Codex Gamicus
Gods MD cover.jpg
Developer(s) Bitmap Brothers
Publisher(s) Accolade
Renegade Software
Designer Eric Matthews y Steve Tall
status Status Missing
Release date 1991-92
Genre Platformer
Mode(s) Single player
Age rating(s)
Platform(s) Amiga, DOS, Atari ST, Acorn Archimedes, NEC PC-9801, MD/Gen, Super NES
Arcade system Arcade System Missing
Input Keyboard, Joystick
Requirements IBM PS/2 Or Compatible PC
Credits | Soundtrack | Codes | Walkthrough

Gods is a 1991 video game by The Bitmap Brothers where the player is cast as Hercules in his quest to achieve immortality. The game was first made for Amiga and Atari ST computers and then ported for various other platforms. Like other Bitmap Brothers' games, Gods was highly praised by critics thanks to the quality graphics and music.

The enemy AI was praised - it would adapt not only to the player position, but also to his skill. Some rooms contain inaccessible items - smaller "thieves" show up from a passage in the wall, try to grab the item and bring it back to another point in the room or disappear with it. The player is able to obtain the item if they shoot the thief at the correct time. Bonuses are awarded for reaching certain parts of the level under a certain limit of time or number of lives, bringing an object to a room or simply by playing poorly, where the game helps the player.

As was common with Bitmap Brothers, an external musician assured the game score, this time John Foxx as Nation 12.[1] The box cover illustration was designed by the British comic book artist Simon Bisley.


Although at first Gods might seem a "jump and run" platformer, it soon becomes evident that while precise and timed jumping are required to progress, planning each move carefully yields better results health-wise than attempting to speedrun a level, and there are some puzzles (often involving levers and objects) which require the player to go back and forth in the level, since there's only a three space inventory where objects required to get bonuses (such as keys) or to complete a level can be carried. The console versions (especially the Mega Drive/Genesis port) run at a considerably higher speed, which increases the difficulty level greatly. A rumored Gameboy Advance ROM has been rumored to exist but at this stage it is not commercially available. The console versions do not share the same opening theme music as the PC versions of the game. They do, however, have background music throughout the game, which is notably missing in the PC versions (The PC version only has background music throughout the game with a Roland LAPC-I).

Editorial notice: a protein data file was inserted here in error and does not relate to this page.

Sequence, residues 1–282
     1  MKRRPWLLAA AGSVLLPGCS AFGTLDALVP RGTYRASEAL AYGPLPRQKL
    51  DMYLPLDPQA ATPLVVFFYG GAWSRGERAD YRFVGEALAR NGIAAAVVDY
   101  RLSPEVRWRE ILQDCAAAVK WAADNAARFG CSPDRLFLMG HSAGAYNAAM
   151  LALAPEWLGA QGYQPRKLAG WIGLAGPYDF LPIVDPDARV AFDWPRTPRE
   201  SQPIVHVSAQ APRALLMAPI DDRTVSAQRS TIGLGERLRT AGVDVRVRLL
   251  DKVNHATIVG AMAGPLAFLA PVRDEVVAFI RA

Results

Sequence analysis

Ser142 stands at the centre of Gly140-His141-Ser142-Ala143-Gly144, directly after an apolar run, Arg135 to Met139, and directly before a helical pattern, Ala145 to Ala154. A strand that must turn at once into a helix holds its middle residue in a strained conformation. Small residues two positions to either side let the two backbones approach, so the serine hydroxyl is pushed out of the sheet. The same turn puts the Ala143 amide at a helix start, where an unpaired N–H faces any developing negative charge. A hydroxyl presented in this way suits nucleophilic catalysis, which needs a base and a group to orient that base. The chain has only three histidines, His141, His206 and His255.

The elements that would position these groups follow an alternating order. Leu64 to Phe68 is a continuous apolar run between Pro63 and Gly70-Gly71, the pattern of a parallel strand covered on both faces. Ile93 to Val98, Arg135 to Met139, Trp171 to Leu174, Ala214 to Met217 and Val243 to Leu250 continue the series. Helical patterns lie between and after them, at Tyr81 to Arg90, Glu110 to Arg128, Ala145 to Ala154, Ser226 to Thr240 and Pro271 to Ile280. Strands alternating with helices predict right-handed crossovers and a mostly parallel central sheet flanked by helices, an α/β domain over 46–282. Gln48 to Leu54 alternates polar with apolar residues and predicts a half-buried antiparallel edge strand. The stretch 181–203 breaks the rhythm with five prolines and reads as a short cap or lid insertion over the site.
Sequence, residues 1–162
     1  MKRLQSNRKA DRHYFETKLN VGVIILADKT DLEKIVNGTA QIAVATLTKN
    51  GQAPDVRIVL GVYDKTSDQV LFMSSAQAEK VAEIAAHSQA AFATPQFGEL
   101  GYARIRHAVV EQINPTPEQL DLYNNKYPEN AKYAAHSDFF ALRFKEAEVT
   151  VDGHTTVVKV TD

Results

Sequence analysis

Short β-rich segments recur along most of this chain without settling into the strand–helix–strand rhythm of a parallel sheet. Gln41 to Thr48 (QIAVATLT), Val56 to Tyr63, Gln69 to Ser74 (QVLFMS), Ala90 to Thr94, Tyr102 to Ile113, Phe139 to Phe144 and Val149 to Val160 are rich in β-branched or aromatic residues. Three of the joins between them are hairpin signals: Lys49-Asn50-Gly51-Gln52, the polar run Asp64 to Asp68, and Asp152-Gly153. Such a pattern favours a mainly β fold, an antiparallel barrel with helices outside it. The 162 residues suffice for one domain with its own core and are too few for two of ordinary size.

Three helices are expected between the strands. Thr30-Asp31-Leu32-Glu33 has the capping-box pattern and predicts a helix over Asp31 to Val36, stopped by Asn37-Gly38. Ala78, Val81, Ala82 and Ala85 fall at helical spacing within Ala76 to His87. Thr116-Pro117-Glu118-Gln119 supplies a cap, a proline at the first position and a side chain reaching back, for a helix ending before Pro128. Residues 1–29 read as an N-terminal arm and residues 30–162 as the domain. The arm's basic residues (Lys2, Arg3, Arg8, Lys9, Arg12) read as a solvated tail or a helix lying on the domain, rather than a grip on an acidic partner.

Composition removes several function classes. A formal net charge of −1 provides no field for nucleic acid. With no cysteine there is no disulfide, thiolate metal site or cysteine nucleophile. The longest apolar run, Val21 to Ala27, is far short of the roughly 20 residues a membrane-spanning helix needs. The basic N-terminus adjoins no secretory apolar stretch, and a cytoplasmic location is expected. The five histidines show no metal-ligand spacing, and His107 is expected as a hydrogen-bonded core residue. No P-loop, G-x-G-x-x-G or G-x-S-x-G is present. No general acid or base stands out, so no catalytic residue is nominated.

Weapons work somewhat like those found in shoot 'em ups. There are several weapons available in the levels or to buy, and up to three of each can be used simultaneously. It is also possible to vary the focus of the weapons: to destroy more enemies at the same horizontal level as the player, a tight angle is advisable, but in levels with open spaces and enemies in higher places, a diffuse aim might prove more useful. There are also other weapons, such as bouncing axes that can be used to take on enemies at a lower level or fireballs.

There are four levels, each with a Guardian at the end. After completion of a level the player meets a trader, and depending on the wealth accumulated during the game (by catching diamond-shaped jewels or bags) can buy more powerful weapons or items (Xenon 2 Megablast uses the same idea).


Some awards for the game include:

  • Datormagazin Smash Hit (97%) in the Swedish Datormagazin [2]
  • CU Super Star (93%) in CU Amiga magazine [3]
  • CVG Hit (93%) in Computer + Video Games magazine [4]
  • Zero Hero (90%) in the Zero magazine [5]
  • 90% in Amiga Computing [6]
  • Amiga Format Gold (90%) in Amiga Format [7]
  • The One (93%) in the The One magazine [8]

The game was reviewed in 1993 in Dragon #189 by Hartley, Patricia, and Kirk Lesser in "The Role of Computers" column. The reviewers gave the game 4 out of 5 stars.[9]


  1. COMPUTE! ISSUE 147 / DECEMBER 1992 / PAGE 104 from
  2. Lars Jansson (May 1991), Datormagazin, Vol 1991 No 10, p. 64 
  3. Dan Slingsby (March 1991), CU Amiga, pp. 34–36 
  4. Richard Leadbetter; Robert Swan (May 1991), Computer + Video Games, pp. 82–84 
  5. David McCandless (April 1991), Zero, pp. 43–44 
  6. Nick Clarkson (July 1991), Amiga Computing, pp. 54–55 
  7. Trenton Webb (June 1991), Amiga Format, pp. 54–56 
  8. Laurence Scotford (March 1991), The One, pp. 48–50 
  9. Lesser, Hartley, Patricia, and Kirk (January 1993), "The Role of Computers", Dragon (189): 57–62. 

External links[]

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